Käthe Kollwitz, ‘Mother with Child in Her Arms (Mutter mit Kind auf Dem Arm)’, 1916, Dallas Museum of Art

Image rights: © Artists Rights Society (ARS), New York / VG Bild-Kunst, Bonn

Dallas Museum of Art, Foundation for the Arts, The Alfred and Juanita Bromberg Collection, bequest of Juanita K. Bromberg

About Käthe Kollwitz

Considered one of Germany’s most important early 20th-century artists, Käthe Kollwitz captured the hardships suffered by the working class in drawings, paintings, and prints. Themes of war and poverty dominate Kollwitz’s oeuvre, with images of women grieving dead children a particularly important and recurring theme—an experience that Kollwitz suffered herself when her son died in WWI, influencing her decision to become a Socialist. Kollwitz’s unflinching exploration of human suffering amounted to a searing indictment of social conditions in Germany. In 1936, the Nazis declared Kollwitz’s art “degenerate” and her artworks were removed from museums.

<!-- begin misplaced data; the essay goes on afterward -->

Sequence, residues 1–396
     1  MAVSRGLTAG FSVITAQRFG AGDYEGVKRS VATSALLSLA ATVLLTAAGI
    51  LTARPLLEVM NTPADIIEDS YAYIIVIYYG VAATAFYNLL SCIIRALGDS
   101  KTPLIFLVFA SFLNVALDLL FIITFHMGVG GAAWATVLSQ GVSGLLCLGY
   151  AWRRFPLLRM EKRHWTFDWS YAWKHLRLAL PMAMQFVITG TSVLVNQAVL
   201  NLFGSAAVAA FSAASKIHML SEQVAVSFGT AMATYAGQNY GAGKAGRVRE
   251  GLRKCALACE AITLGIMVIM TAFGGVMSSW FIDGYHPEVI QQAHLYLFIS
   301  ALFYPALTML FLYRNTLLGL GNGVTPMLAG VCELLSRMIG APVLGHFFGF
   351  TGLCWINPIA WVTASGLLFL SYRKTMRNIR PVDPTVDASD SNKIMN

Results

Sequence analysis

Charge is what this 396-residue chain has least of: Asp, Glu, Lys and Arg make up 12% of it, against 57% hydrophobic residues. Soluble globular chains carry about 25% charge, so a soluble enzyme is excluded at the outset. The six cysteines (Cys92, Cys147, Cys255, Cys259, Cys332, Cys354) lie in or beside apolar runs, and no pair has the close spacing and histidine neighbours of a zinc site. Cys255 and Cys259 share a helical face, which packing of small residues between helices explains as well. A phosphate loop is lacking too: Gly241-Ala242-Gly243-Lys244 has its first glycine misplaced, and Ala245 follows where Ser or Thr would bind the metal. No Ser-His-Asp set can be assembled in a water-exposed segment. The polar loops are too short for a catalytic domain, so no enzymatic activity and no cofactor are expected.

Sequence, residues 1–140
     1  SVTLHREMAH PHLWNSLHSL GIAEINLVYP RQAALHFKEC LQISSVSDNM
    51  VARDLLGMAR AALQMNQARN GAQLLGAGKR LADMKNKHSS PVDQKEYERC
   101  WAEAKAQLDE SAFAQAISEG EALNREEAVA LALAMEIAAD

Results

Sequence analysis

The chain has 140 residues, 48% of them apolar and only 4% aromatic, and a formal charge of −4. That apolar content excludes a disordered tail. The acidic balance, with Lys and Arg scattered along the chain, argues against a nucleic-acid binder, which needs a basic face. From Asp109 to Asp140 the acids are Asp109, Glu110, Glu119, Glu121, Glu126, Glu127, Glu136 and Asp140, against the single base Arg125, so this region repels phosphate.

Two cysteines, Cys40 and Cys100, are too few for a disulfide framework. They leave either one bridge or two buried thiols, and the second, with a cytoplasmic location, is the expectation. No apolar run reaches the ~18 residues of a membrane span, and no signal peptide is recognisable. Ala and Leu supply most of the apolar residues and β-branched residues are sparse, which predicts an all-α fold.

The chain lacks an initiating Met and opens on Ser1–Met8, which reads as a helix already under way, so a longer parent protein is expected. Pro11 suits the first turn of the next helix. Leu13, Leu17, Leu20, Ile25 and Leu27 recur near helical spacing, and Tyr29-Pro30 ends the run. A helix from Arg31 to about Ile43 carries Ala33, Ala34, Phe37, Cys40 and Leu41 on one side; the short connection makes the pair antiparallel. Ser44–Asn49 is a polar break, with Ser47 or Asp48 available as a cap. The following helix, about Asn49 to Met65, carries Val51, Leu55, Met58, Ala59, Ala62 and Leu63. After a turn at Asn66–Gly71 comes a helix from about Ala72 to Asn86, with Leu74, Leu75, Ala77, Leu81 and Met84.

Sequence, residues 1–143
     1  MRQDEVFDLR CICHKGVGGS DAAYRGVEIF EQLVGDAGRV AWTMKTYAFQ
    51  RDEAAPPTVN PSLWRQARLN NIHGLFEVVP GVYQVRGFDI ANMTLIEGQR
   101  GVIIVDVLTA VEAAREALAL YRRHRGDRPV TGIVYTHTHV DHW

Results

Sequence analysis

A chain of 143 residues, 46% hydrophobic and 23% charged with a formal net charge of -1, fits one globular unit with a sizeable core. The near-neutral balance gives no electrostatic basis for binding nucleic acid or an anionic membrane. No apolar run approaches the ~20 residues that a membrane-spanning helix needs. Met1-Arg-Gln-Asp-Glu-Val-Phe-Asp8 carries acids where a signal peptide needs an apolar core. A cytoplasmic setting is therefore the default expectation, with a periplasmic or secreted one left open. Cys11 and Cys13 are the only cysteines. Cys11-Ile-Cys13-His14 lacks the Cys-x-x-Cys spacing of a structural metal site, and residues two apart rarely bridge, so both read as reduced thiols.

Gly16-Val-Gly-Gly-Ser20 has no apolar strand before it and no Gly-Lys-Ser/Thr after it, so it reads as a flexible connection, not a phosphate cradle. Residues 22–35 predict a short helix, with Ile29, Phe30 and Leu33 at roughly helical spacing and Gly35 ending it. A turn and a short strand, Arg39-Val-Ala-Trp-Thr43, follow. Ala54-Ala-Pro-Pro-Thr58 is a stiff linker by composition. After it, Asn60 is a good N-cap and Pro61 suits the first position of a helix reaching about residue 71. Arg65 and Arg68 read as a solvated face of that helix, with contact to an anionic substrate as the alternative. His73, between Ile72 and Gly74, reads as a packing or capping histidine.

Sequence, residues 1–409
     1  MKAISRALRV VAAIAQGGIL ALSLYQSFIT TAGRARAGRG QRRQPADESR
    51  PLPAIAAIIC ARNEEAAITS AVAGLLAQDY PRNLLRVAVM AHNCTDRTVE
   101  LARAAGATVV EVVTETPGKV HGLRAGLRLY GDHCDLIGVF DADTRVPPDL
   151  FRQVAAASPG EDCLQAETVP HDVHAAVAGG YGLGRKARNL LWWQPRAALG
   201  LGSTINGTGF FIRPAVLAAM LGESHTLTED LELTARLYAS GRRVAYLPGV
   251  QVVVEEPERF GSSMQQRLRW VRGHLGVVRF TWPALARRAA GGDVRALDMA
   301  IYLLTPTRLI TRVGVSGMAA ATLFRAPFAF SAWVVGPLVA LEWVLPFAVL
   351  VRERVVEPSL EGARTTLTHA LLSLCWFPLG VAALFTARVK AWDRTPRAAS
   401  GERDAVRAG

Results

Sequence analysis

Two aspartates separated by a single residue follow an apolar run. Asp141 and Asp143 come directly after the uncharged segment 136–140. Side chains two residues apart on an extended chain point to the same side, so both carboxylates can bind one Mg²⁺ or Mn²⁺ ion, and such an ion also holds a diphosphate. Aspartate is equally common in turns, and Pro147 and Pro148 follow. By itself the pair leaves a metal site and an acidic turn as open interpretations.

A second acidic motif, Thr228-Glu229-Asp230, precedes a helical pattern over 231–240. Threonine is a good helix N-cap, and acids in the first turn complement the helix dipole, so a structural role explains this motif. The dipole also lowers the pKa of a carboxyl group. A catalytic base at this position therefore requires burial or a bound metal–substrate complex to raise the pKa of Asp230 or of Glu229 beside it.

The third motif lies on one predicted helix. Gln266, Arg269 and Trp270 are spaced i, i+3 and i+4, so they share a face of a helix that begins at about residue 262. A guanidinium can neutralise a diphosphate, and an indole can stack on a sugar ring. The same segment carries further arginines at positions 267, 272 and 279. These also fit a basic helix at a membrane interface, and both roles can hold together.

German, 1867-1945, Kaliningrad, Russia, based in Dresden, Germany

Group Shows

German Expressionist Prints
Gemeentemuseum Helmond, 
Helmond, Netherlands,
Woman and Work
Lentos Kunstmuseum, 
Linz, Austria,
Der nackte Mann